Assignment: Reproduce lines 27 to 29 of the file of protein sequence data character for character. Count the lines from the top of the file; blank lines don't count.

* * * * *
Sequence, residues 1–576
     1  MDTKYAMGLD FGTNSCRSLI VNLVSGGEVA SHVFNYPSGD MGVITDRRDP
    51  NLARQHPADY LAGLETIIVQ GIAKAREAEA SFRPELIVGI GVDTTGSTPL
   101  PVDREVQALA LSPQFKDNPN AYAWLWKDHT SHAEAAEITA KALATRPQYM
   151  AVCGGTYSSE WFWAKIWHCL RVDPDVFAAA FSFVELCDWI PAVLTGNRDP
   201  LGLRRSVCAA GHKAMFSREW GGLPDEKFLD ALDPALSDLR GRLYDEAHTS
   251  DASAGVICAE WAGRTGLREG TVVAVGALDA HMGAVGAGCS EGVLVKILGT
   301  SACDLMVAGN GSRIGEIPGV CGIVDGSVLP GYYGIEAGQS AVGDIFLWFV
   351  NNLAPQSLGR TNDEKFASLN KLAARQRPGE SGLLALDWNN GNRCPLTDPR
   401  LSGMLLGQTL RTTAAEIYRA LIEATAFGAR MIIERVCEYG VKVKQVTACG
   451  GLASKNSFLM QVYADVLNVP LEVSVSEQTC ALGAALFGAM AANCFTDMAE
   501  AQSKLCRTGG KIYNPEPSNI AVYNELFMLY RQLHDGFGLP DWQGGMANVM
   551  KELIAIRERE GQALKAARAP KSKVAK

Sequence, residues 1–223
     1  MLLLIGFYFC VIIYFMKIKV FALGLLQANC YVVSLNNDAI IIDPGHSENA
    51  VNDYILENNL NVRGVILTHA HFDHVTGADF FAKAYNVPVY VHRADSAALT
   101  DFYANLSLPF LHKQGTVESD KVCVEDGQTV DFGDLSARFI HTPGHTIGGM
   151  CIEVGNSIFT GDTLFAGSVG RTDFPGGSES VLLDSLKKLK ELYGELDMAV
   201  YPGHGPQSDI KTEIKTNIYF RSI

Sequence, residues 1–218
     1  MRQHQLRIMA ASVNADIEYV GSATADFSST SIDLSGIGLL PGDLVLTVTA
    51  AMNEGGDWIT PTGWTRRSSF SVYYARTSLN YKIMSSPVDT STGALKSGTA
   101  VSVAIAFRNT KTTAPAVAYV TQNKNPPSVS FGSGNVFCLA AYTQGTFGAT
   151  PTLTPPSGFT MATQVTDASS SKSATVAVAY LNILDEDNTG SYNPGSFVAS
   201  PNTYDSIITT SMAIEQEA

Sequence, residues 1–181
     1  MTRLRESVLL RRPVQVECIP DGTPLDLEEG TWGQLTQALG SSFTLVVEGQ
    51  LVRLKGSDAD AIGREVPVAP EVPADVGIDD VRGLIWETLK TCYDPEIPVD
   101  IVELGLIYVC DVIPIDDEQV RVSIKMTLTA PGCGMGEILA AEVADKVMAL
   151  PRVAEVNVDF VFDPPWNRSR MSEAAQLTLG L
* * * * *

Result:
     1  MTRLRESVLL RRPVQVECIP DGTPLDLEEG TWGQLTQALG SSFTLVVEGQ
    51  LVRLKGSDAD AIGREVPVAP EVPADVGIDD VRGLIWETLK TCYDPEIPVD
   101  IVELGLIYVC DVIPIDDEQV RVSIKMTLTA PGCGMGEILA AEVADKVMAL